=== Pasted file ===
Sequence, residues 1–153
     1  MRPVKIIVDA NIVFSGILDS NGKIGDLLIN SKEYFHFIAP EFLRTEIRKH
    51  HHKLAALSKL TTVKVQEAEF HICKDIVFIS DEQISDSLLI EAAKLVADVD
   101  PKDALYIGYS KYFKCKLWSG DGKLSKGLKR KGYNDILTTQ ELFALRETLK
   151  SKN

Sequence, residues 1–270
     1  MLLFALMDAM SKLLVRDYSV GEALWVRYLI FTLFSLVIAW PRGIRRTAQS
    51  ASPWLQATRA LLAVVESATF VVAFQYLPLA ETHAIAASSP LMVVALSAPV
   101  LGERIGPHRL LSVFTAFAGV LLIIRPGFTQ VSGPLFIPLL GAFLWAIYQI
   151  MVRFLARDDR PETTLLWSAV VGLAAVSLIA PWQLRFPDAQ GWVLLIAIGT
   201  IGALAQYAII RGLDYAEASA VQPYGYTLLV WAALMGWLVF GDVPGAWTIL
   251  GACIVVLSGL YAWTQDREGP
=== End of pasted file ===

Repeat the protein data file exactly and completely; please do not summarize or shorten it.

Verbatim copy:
Sequence, residues 1–153
     1  MRPVKIIVDA NIVFSGILDS NGKIGDLLIN SKEYFHFIAP EFLRTEIRKH
    51  HHKLAALSKL TTVKVQEAEF HICKDIVFIS DEQISDSLLI EAAKLVADVD
   101  PKDALYIGYS KYFKCKLWSG DGKLSKGLKR KGYNDILTTQ ELFALRETLK
   151  SKN

Sequence, residues 1–270
     1  MLLFALMDAM SKLLVRDYSV GEALWVRYLI FTLFSLVIAW PRGIRRTAQS
    51  ASPWLQATRA LLAVVESATF VVAFQYLPLA ETHAIAASSP LMVVALSAPV
   101  LGERIGPHRL LSVFTAFAGV LLIIRPGFTQ VSGPLFIPLL GAFLWAIYQI
   151  MVRFLARDDR PETTLLWSAV VGLAAVSLIA PWQLRFPDAQ GWVLLIAIGT
   201  IGALAQYAII RGLDYAEASA VQPYGYTLLV WAALMGWLVF GDVPGAWTIL
   251  GACIVVLSGL YAWTQDREGP